“Also striking: The apparent benefits of positivity were even greater among the subgroup of adults whose genes put them at greater risk of dementia. In fact, the researchers said, a positive attitude toward aging could essentially erase the handicap associated with carrying a risky variant of the APOE gene.”

Read more at the Los Angeles Times.


As the YouTube page tells us, the traditional Arab headdress, the kaffiyeh, is a symbol of the Palestinian struggle and an important part of Palestinian heritage.

”Unfortunately, the Al Hirbawi factory is the last remaining institution in the Palestinian territories producing the original kaffiyeh. Brothers Jouda, Abdelazim and Ezzat have been working in the factory since they were kids, inheriting the family business and continuing the proud legacy.”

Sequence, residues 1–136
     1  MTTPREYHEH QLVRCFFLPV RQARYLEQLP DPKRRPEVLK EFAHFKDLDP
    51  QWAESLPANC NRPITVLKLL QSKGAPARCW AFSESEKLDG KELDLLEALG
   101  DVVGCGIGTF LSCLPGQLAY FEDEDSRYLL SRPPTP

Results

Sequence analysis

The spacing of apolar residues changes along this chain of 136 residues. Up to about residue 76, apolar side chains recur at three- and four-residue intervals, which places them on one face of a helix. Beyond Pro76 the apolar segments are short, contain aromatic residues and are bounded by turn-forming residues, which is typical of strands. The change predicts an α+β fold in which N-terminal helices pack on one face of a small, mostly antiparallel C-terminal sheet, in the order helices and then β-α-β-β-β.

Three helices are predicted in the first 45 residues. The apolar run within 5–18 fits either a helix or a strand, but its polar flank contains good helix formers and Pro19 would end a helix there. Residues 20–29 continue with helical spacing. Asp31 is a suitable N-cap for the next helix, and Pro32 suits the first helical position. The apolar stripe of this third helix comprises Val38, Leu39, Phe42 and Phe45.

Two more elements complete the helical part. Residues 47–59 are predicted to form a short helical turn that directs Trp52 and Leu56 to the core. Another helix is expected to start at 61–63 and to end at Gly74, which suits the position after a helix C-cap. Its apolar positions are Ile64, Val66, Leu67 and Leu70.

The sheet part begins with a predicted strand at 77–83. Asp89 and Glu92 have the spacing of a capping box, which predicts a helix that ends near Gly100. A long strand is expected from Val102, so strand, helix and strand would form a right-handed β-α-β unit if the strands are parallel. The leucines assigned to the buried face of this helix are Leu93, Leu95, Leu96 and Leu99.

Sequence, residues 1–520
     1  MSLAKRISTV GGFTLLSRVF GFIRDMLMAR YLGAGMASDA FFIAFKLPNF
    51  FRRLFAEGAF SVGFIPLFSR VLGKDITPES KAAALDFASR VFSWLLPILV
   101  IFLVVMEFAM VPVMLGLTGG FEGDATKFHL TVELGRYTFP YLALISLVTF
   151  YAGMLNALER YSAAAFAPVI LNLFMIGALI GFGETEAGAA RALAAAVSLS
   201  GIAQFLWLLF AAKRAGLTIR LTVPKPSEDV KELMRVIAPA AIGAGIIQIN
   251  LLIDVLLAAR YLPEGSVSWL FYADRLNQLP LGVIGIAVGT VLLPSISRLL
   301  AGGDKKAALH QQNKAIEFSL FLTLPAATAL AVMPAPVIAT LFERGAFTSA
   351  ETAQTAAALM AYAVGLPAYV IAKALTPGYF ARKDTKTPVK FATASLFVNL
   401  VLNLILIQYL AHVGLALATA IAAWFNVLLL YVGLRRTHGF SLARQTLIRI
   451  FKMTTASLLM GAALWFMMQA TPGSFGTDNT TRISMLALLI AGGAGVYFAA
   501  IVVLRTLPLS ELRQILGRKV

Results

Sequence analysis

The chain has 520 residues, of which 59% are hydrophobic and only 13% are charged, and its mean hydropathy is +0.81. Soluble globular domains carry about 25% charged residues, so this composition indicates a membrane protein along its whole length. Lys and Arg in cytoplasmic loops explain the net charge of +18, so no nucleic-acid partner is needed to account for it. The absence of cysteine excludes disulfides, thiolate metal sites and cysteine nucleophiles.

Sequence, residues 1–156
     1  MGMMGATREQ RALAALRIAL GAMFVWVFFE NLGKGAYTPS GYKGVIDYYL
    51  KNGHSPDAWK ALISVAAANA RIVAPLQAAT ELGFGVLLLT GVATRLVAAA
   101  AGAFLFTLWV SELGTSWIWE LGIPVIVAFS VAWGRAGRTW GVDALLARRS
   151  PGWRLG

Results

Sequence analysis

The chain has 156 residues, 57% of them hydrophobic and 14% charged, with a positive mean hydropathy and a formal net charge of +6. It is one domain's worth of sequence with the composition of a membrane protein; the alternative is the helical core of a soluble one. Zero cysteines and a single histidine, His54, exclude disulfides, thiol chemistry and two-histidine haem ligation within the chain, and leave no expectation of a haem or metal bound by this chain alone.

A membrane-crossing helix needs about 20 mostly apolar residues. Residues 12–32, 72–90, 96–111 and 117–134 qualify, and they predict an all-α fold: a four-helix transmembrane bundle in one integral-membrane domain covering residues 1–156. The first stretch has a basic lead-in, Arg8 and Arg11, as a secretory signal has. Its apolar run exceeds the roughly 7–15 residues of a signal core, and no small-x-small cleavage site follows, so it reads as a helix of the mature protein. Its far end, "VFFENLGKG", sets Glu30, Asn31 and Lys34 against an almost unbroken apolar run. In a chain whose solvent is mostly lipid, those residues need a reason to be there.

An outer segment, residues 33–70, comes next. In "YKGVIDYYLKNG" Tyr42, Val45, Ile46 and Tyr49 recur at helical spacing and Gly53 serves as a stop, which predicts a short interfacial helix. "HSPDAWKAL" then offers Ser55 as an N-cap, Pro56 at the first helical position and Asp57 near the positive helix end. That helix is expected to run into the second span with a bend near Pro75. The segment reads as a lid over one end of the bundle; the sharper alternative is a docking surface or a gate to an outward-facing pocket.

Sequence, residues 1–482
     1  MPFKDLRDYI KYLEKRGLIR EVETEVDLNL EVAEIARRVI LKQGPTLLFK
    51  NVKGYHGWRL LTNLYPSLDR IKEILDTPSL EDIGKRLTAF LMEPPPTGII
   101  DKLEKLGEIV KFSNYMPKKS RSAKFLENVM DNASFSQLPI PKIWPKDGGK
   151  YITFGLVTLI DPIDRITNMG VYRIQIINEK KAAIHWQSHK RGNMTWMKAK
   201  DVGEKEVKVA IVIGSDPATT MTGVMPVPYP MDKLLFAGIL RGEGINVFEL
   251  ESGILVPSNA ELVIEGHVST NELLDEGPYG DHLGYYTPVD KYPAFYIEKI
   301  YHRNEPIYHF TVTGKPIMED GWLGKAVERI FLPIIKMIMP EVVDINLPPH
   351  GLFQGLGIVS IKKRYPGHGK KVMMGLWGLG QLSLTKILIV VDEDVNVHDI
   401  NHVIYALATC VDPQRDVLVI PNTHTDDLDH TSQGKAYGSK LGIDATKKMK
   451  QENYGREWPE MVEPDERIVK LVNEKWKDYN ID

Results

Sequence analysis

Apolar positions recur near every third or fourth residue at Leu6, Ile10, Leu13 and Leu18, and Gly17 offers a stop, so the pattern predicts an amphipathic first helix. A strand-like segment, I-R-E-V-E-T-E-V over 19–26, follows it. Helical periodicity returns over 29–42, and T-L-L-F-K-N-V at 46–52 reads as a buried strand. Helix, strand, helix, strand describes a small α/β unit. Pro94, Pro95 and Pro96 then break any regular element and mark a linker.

Here is a video about them:


Last December, the Editorial Board of The New York Times objected to a proposal from the Trump administration's Department of Labor. It would allow

”...employers to pool tips and use them as they see fit...Officials argue that this will free restaurants to use some of the tip money to reward lowly dishwashers, line cooks and other workers who toil in the less glamorous quarters and presumably make less than servers who get tips.

“[However,] a simple reading of the government’s proposal makes clear that business owners...would be free to pocket some or all of that cash, spend it to spiff up the dining room or use it to underwrite $2 margaritas at happy hour. And that’s what makes this proposal so disturbing.”

What it boils down to is allowing employers to pick the pockets of their employees. Legally. Since The Times editorial, the public has made its objection loud and clear, as reported at Daily Kos: